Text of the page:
Bundle up and Head for the Winter Carnivals in Québec!
Quebecers embrace their winters with a “joie de vivre” and there’s no better evidence of this than the spectacular winter carnivals that take place each year in Québec City and Montréal. Québec City hosts the world’s largest winter carnival from the end of January to mid-February, Carnaval de Québec, and Montréal en Lumière takes place from the end of February to mid-March. Each event offers a very different experience and each city has its own decidedly French or international flair. Bundle up and be a kid again and visit one or both of these cities in 2017 to experience a winter wonderland like no other.
Watch this brief video taken at the 2016 Carnaval de Québec, and Montréal en Lumière:
Carnaval de Québec – Québec City
Québec City offers an old world vibe in their celebration of winter, with the first-known large outdoor carnival dating back to 1894. Originally created as a way for Quebecers to stay warm and get together during the long harsh winters, the carnival of today is a spectacular event with canoe races on the frozen St. Lawrence River, magical evening parades, ice palaces, and the world famous temporary mayor of the city, Bonhomme. A beloved figure that’s been associated with the carnival since 1955, Bonhomme is the snowman come to life that Quebecers fondly remember from their childhood.
Taking place across the city from January 27 to February 12, 2017, there are over 200 activities for all ages, including snow sculpture competitions, sleigh rides, live music, and sporting events. Bonhomme’s Ice Castle is one of the highlights and is located across from Place de l’Assemblée-Nationale, Quebec’s Parliament Building, and just outside the entrance to the main festival site. An Effigy (or passport) with Bonhomme’s image is the magical ticket to visit the main site and attend many of the activities and entertainment that takes place over the 17 days of the festival. The Effigy comes in the form of a small button that you wear on your jacket or outerwear, showing your carnival spirit. Another way to join in the festivities of carnival is to don a classic ceinture fléchée (arrowed sash) that is a symbol of 19th century French-Canadian clothing and is worn by Bonhomme and carnival guests during the festival.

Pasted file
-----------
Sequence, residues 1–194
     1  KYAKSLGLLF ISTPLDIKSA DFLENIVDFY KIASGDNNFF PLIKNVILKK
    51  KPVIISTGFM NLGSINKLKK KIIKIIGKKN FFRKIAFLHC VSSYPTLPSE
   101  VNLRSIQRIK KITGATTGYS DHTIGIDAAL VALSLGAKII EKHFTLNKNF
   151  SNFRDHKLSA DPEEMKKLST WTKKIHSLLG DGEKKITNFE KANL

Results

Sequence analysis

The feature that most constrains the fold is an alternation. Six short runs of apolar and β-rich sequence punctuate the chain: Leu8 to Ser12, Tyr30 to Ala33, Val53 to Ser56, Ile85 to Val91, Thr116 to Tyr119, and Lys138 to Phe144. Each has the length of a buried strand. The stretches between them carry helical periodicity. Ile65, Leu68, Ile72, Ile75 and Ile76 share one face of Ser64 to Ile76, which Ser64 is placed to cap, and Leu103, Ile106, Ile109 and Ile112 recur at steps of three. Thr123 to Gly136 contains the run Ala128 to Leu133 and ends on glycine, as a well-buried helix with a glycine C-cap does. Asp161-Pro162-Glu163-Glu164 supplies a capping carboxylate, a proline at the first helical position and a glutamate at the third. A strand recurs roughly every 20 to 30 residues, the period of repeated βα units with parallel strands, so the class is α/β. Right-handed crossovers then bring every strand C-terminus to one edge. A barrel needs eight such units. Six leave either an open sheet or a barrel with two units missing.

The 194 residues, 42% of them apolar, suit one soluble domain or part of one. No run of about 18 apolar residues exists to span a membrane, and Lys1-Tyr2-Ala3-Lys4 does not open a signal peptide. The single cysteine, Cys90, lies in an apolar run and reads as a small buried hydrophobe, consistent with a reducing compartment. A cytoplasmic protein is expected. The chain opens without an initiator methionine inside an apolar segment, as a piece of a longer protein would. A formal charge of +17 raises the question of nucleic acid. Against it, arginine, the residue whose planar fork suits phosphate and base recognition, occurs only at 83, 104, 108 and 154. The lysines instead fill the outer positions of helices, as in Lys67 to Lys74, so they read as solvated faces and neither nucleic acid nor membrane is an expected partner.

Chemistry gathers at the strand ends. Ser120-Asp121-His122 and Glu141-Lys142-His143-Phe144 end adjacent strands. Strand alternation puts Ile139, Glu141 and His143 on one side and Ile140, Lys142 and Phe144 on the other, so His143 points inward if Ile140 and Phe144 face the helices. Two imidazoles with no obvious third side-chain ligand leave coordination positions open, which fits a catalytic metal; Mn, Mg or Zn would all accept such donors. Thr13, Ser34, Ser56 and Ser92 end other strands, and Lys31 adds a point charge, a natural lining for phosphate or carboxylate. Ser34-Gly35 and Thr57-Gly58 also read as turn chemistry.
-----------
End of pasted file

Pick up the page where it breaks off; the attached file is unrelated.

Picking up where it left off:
Wander the busy snow covered streets of Old Town and listen to live bands and watch performers in traditional costumes and furs as they entertain with log cutting exhibits and lively French-Canadian songs. Then wander up to the top of the hill or take the funicular to the Terrasse Dufferin boardwalk next to the iconic Fairmont Le Château Frontenac. Here you will find one of the oldest attractions in the city, the Toboggan Slide Au 1884. Be a kid again as you zoom down the slide at 70 km/h while overlooking the icy St. Lawrence River. Don’t miss your chance to try a tire d’érabler, or Maple Syrup Taffy, a Québécois-style treat. Made by boiling the syrup and cooling it on snow, the taffy is rolled on a stick and eaten while still pleasantly sticky and slightly warm.
For a side trip, head just a few miles outside the city to the only Hôtel de Glace (Ice Hotel) in North America. Wander through the icy hallways to see the impressive snow vaults and crystalline ice sculptures, followed by a cocktail in their bar, served in carved ice glasses, of course. For the more adventurous, book one of their 44 rooms or theme suites for an evening and learn how to stay warm through the night while sleeping on a bed made of ice in a Nordic sleeping bag.
Also nearby is Villages Vacanes Valcartier. Known as “America’s Largest Winter Playground,” there are activities for all ages and thrill thresholds at this incredible collection of ice skating paths, snow tubing and rafting hills and slides, and a children’s playground. You can stay at their hotel, dine at several restaurants, or purchase warm gear in their shops, if you need more layers to play outdoors. In the summer months, this same area becomes a huge indoor and outdoor water park.
One of things you’ll notice at The Carnaval festivities is that Quebercers make quite a fashion statement with their hats. If you have to bundle up, you might as well make it fun!
And after a long day of playing in the snow, head indoors by the fire to enjoy a traditional Québécois beverage, Caribou. A fortified alcoholic drink made of red wine, hard liquor (usually whisky), and maple syrup, it’s their secret weapon for taking off the winter chill.
Click on “Continue Reading” to learn about Montréal en Lumière